I remember the day when the class exploded into cheers as the suspension rescued us from the session of our particularly strict professor, who ruthlessly called names for recitation the way an executioner coldly ticked out the names of the doomed. We were halfhearted, an air of gloom hovered over us, but we still ate at our favorite spot, ordering the usual fried dumplings. We laughed about how one of our friends cut classes to go to the bathroom but then disappeared. As it was time to go home, I still remember the footbridge where we bid goodbye to our one friend going to Manila, while another friend and I went to Quezon City.

I still remember the sickly-sweet scent of the UV Express that made us dizzy, the warm metal pole that I switched angles with when the driver hit the brakes, and the warm blast of air that signaled that a door was opened. Each passenger that came in and went out wore those masks, which we didn’t know would be marked on us for months to come. Lastly, there was the fist bump I gave to my friend before I alighted at my spot and he went off to Novaliches.

Did we know that the meal and the ride would be our last before the long stretch of separation and distance we now find ourselves in? Did we know that it would be the last time we’d be seeing each other for a while?

I sit in front of a computer screen, listening to a droning voice, fighting to keep my eyes open under the hot afternoon sun. I scan my eyes, and four of my six best friends are present. I learn only later that the other two didn’t enroll. The pandemic has taken a heavy toll on them, and on so many others. My classmates still look the same, but for some changes. The guy I used to share rides with in the UV Express has eyeglasses now. He looks funny. The Manila-based girl has a dark background even though it’s noontime (turns out she’s in America). One has changed his haircut, and the other has pimples dotting her face. We laugh over the stories we share. But despite the banter and camaraderie, we know something is not quite right.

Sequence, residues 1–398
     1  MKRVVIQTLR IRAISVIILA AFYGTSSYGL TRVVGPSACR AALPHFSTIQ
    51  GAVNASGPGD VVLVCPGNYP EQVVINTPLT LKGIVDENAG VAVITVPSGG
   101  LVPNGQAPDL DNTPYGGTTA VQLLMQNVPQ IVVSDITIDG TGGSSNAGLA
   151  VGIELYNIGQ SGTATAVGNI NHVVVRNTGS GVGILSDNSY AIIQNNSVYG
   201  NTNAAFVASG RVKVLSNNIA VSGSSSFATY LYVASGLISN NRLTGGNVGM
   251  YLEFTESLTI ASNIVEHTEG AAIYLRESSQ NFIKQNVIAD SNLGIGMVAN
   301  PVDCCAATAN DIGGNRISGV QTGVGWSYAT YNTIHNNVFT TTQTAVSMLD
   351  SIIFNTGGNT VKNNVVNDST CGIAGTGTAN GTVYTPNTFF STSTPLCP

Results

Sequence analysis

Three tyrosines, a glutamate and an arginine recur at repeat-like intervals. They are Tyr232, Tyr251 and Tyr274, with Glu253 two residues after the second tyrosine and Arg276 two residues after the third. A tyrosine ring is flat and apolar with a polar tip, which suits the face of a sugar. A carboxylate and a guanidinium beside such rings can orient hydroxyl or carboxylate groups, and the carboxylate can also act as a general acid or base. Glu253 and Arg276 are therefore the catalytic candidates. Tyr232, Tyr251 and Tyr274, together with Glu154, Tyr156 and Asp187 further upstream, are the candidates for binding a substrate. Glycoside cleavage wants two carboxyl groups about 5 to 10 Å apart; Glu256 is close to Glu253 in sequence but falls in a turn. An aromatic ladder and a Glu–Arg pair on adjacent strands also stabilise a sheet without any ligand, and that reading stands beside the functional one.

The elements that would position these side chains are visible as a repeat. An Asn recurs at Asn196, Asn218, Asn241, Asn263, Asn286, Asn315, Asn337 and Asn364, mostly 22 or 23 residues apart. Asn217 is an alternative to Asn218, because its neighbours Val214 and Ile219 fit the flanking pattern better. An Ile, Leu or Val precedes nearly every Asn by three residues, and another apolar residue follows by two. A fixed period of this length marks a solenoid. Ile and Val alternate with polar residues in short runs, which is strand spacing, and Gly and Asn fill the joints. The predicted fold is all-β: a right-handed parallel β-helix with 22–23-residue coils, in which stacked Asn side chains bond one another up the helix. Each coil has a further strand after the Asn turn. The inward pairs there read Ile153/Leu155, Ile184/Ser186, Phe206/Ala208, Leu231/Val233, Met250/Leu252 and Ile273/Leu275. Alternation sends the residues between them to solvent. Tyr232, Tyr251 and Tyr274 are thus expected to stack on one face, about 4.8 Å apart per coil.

As I write this, I miss the scent of the perfume that my Manila friend had. The musty texture of the jacket my friend with the new haircut often wore. The rustic smell of the classroom as wood intermingled with the aircon. The texture of fried dumplings that crunched in the mouth. The subtle spice of the condiments at lunch break. The cacophony of España traffic. The weight of my bag slung across my front to outwit pickpockets.

I can see in my friends’ eyes that they’re tired and exhausted even if we’re all stuck at home — and even if our parents repeat the question, sometimes jokingly: “Nasa bahay lang naman kayo, bakit kayo mapapagod?”

I’m tired, and so are millions of other citizens. Behind the smiles my friends and I give each other is the question: When can I see you guys again? 

We wish it would all just end, not only so we could eat once more at our favorite spot in school, but also so that the many who are ill now or are suffering may find their much-deserved solace.

After the class ends and the screen goes black, one doesn’t know whether one’s friends will still show up tomorrow. I hear myself sigh as I face my reflection again. I look so funny. Should I shave? My hair’s getting long again; I need a haircut. Also, don’t forget to do the economics assignment, or your grades will pay. Oh, look, cases have risen again, the government has brought back ECQ. Fix your room, play games to ease your mind, do something, anything…

It’s been too long.

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